Money Saving Expert reported last week
You’ll find your tax code on:
- your pay slip
- your PAYE Coding Notice – you usually get this a couple of months before the start of the tax year and you may also get one if something has changed but not everyone needs to get one
- form P60 – you get this at the end of each tax year
- form P45 – you get this when you leave a job
You can check your tax using this HMRC link
If you think you code is wrong you can inform HMRC using this online form
Check the following carefully:
- P60 – you get this at the end of each tax year
- P45 – you get this when you leave a job
- PAYE Coding Notice
- P11D Expenses and benefits
- P9D Expenses payments and income from which tax cannot be deducted
- Bank and Building society statements
- Pension Tax Deductions
Is your National Insurance correct?
Unlike Income Tax which is cumulative and assessed across all earnings, National Insurance starts from zero on each individual employment and you also pay National Insurance on Self Employed earnings.
So if you are a Director of multiple businesses paid as an employee its easy to see how you could over pay and you might not even realise because National Insurance is not shown on your Self Assessment Return.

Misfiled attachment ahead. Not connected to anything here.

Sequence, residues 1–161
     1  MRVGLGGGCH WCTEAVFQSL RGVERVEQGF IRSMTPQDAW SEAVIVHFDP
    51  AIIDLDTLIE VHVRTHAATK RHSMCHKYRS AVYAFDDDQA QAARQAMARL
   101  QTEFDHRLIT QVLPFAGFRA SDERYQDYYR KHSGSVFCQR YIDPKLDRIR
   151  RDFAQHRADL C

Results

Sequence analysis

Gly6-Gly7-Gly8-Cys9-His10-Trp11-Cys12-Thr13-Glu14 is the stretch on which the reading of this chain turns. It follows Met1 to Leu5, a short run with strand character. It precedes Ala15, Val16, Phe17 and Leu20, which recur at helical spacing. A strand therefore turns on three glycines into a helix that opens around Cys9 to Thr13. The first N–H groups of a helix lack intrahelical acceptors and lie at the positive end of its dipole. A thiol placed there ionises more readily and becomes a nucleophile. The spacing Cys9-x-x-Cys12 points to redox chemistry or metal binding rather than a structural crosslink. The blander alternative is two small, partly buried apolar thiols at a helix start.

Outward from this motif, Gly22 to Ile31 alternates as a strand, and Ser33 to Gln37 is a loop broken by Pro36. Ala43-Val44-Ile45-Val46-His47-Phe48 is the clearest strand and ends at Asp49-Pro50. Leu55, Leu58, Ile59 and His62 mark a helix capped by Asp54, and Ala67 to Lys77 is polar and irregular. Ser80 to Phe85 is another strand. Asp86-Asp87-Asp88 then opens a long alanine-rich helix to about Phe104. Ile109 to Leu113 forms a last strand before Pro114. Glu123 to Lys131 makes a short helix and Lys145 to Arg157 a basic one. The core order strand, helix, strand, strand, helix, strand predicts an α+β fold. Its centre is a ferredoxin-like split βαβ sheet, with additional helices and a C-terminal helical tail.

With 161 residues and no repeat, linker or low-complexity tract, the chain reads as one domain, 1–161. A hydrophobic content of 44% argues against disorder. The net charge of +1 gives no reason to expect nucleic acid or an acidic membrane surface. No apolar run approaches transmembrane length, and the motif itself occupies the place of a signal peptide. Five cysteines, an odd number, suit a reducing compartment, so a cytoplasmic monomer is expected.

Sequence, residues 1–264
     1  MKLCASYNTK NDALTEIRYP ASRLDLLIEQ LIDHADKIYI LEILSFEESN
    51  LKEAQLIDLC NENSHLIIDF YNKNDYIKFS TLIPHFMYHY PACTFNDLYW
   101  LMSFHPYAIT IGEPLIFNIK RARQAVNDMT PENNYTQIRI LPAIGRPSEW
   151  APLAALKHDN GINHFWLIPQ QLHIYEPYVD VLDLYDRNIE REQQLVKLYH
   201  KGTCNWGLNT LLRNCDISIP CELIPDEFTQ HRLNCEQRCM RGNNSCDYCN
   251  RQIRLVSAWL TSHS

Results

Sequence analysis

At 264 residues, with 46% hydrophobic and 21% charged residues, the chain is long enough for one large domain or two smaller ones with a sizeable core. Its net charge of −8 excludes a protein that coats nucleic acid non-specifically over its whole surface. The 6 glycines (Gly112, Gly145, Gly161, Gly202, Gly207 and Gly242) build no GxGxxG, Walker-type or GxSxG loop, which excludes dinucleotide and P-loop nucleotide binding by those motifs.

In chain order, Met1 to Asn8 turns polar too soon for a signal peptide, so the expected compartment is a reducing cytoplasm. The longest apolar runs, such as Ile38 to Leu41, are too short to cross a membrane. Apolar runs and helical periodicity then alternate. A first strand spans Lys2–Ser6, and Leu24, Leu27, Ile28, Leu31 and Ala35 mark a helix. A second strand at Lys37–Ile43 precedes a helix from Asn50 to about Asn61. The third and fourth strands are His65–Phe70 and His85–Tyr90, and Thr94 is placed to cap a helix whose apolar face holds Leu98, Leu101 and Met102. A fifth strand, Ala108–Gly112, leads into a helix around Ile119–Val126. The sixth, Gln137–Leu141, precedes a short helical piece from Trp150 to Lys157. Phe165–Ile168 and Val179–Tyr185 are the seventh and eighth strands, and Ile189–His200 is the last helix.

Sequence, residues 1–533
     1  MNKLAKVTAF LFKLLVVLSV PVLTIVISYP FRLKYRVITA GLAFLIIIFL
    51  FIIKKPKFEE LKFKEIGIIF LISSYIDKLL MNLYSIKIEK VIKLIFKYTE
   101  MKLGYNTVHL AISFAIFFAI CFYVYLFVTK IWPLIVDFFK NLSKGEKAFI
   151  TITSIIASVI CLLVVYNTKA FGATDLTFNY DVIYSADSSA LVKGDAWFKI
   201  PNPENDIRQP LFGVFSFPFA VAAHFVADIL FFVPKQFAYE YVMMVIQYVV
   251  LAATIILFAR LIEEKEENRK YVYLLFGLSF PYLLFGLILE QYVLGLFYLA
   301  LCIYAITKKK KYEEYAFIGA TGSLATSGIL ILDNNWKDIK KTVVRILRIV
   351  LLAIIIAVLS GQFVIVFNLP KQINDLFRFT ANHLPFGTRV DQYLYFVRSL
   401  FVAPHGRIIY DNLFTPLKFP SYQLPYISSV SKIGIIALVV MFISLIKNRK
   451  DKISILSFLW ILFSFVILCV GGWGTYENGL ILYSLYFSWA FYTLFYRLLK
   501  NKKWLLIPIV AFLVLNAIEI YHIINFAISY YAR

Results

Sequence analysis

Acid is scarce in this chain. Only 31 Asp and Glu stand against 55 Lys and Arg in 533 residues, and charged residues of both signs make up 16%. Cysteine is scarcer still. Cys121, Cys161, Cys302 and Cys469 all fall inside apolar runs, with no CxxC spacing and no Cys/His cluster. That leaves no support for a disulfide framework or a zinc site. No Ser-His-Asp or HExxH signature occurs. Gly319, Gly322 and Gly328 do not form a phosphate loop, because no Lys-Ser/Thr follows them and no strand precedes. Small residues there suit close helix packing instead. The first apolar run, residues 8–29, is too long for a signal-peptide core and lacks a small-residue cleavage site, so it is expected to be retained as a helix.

You can also over pay National Insurance if you are a part time employee with multiple employers and irratic earnings, this because National Insurance is calculated on a weekly/monthly basis, not a cumulative basis and its by employer.
What you need to do
Write to HM Revenue and Customs confirming:
- your National Insurance number
- why you’ve overpaid
- the tax year(s) you’ve overpaid
You should include your P60 or a statement from your employer showing the tax and National Insurance for each year you’re claiming for.
You should apply within 6 years of the tax year you’re claiming for.
HM Revenue and Customs
National Insurance Contributions Office
Benton Park View
Newcastle upon Tyne